Well, I guess that it's typical
To cling to memories you'll never get back again
And to sort through old photographs of a summer long ago
- Conor Oberst
Luckily, in NYC then there was this thing called Public Access Television. It used to be on channels 16 and 17 via Manhattan Cable. Community, DIY programming. Anyone could have a television show. In a moment of Wayne's World delusion, we figured that we could make our own program. We walked into the offices of Manhattan Cable on East 23rd Street, filled out a one-page form (that's all that was required), handed it in, and got a slot on the spot. Thursday at 7:30pm. Right before the Simpsons. Prime time. Just like that. We had to come up with a name so we did so. The Underground Railroad: Independent Music for the Independent Mind. All we had to do was have the video tape - a 3/4 inch tape - delivered to 23rd street every Friday at 6pm for the following week. It was as easy as that. We were on our way.
Now the real work began - we found an old portable video cassette recorder with integrated mic. We called and wrote letters to labels asking for videos, for interviews, for anything. We plastered the east village with flyers. We got introduced to a ex-tank operator named Amit with war stories to tell but who was also an editor and had studio time - from midnight to 3 am. He accepted payment in cash or contraband or any combination thereof.
Over the next few years we pretty much put on a show every week. Hundreds of 28 minute episodes. The first video of the first episode was Shonen Knife - Red Kross. The second was Ween - Pollo Asado. My friend Steve and I were the "hosts" of the first episode, filming the introductions and "wrap arounds." Somehow, I think by calling up Mammoth Records, we were invited to interview Julian Hatfield, on the eve of the release of her first solo record, outside CBGBs. I had never interviewed anyone before. Luckily, she was more nervous than me. It was a disaster.
But we did it, each week, for a few years. Spending half a day driving around in an Econoline van with Mike Watt. Meeting Mudhoney. Drinking with the Afghan Whigs. Interviewing Evan Dando in 1992 and listening to him play on acoustic guitar a song called "Fuck and Run" by an unknown female singer from a demo tape he had been listening to. Writing letters to Sub Pop. Meeting Jon Spencer. Begging SST for videos (they never gave them up). For years we got on the guest list of every show, everywhere, backstage and all. Had to get a P.O. box and cut a special deal with the mailbox operator because we got too much mail - videos, CDs, swag.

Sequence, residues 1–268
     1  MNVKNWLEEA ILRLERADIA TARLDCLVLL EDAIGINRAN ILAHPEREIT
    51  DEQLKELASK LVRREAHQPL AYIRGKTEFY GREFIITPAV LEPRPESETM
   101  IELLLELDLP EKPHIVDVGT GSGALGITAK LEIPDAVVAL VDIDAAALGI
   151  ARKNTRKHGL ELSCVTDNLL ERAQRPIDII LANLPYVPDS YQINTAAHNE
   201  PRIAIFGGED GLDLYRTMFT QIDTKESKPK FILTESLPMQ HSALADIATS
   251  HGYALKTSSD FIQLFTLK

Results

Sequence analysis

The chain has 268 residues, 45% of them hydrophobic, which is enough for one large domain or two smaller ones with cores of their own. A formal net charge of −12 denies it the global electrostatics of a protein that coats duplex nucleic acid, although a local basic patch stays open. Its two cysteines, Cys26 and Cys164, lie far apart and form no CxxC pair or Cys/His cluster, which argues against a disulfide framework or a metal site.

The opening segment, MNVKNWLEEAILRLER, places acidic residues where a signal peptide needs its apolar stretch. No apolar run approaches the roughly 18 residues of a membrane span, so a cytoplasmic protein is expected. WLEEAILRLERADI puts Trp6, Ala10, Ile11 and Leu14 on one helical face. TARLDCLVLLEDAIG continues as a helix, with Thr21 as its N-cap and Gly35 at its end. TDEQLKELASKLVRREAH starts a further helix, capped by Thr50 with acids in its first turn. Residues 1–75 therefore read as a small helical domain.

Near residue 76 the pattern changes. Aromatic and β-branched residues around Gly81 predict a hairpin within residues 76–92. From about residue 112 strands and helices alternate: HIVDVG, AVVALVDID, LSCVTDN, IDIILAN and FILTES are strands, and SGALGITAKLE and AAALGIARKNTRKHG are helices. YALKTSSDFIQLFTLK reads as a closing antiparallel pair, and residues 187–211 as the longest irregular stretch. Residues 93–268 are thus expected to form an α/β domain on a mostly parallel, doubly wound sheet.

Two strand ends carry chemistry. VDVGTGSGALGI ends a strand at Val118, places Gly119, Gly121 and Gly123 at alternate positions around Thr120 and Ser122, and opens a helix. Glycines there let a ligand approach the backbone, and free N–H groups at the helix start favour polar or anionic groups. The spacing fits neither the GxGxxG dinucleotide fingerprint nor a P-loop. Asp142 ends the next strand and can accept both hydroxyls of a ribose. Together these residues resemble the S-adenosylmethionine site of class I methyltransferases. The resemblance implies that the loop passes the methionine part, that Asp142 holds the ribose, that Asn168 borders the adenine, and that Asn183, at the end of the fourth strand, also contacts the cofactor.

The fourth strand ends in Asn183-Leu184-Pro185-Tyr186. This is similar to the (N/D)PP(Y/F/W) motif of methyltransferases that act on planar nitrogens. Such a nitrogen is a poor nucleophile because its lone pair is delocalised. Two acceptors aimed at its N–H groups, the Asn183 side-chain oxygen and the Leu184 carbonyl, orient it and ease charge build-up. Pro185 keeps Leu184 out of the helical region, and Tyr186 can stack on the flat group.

When I tell people this story, they mostly have the same reaction. "You need to put the shows on Youtube!" The video tapes - cartons of them - are spread out. Maybe in California. Maybe at my mom's place. Some in Woodstock. Maybe they are gone. These requests usually set off a flurry of internal emails amongst ourselves: should we do this? Have you watched them? Which one should we digitize? This year we will really get around to it, yes this year we will, right?
And then when I think about it, I realize we probably shouldn't, and most likely won't, digitize them and put them on Youtube or Vimeo or wherever.
It would ruin the memories.
Those memories are amazing. We had no idea what we were doing. It was DIY. It was punk. We were going to be famous. Get a "real" show someday. Something like that. The memories are also bittersweet: there are episodes we filmed downtown with the Twin Towers in the background.
And as the years go by, and the specifics fade, these memories retain and enhance something even more. The romanticism of youth. Of music. Of friendship. Of Greenwich Village. It all seemed so fun, the stories are wonderful. We still tell them to each other.
But the reality was also something different. The memory is that editing the shows with a stoned tank operator editor was exhilarating. The reality was that it was a huge hassle doing it in the middle of the night, we were tired and cranky and fought all the time, and he was a terrible editor, it took him hours to do something simple.
The memory is that calling Jonathan Poneman of Sub Pop and speaking with him was fun. The reality that was that bothering a small businessman and begging for music videos was lame, tedious stuff, as was debating endlessly over and over what was really "independent" or not.
The memory of meeting and hanging out with your "heroes" was spectacular. The reality was that these were just people, sometimes cool, sometimes jerks, living in some surreal existence and we were bothering them, playing along to some bizarre post-teenage groupie game.
If I think hard about it, I recall that we fought all the time making this show. Oftentimes, it felt more like a burden than a joy. Friendships were strained to the breaking points.
You see, I don't need to remember the pain, humiliation, the crap. If I watched those episodes again, if I posted them online to be available for posterity, I am pretty sure I would be disappointed. Embarrassed Reminded of alot of time and money wasted and stupid things done and said.
Instead, I just want to remember that, for a little while, we got a little closer to something, maybe to being cool. We got to touch those who we thought we ourselves wanted to be. We got to pretend we were rock and roll. It was, yes, romantic.
As the details fade, the stories - what we remember of them - become more interesting as the rough edges smooth out. My memories are better than the reality. Not only is that ok, it sustains me as I get older.
Maybe not everything needs to be preserved outside of our minds. As imperfect, fading and fleeting as our memories may be, maybe that is precisely what makes them - and us - special. I'll stick with those instead.